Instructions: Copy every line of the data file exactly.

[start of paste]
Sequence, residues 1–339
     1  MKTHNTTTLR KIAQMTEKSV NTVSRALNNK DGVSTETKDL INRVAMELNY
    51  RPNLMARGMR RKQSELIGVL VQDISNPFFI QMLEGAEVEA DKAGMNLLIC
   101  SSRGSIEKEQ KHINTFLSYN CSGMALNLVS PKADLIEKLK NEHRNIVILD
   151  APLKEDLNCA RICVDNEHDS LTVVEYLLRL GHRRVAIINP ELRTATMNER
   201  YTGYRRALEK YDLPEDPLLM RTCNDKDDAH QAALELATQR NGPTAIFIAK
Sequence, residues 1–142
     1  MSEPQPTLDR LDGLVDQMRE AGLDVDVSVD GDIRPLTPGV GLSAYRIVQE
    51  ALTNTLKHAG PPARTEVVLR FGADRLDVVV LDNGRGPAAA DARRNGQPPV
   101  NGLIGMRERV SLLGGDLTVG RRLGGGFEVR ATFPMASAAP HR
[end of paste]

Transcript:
Sequence, residues 1–339
     1  MKTHNTTTLR KIAQMTEKSV NTVSRALNNK DGVSTETKDL INRVAMELNY
    51  RPNLMARGMR RKQSELIGVL VQDISNPFFI QMLEGAEVEA DKAGMNLLIC
   101  SSRGSIEKEQ KHINTFLSYN CSGMALNLVS PKADLIEKLK NEHRNIVILD
   151  APLKEDLNCA RICVDNEHDS LTVVEYLLRL GHRRVAIINP ELRTATMNER
   201  YTGYRRALEK YDLPEDPLLM RTCNDKDDAH QAALELATQR NGPTAIFIAK
Sequence, residues 1–142
     1  MSEPQPTLDR LDGLVDQMRE AGLDVDVSVD GDIRPLTPGV GLSAYRIVQE
    51  ALTNTLKHAG PPARTEVVLR FGADRLDVVV LDNGRGPAAA DARRNGQPPV
   101  NGLIGMRERV SLLGGDLTVG RRLGGGFEVR ATFPMASAAP HR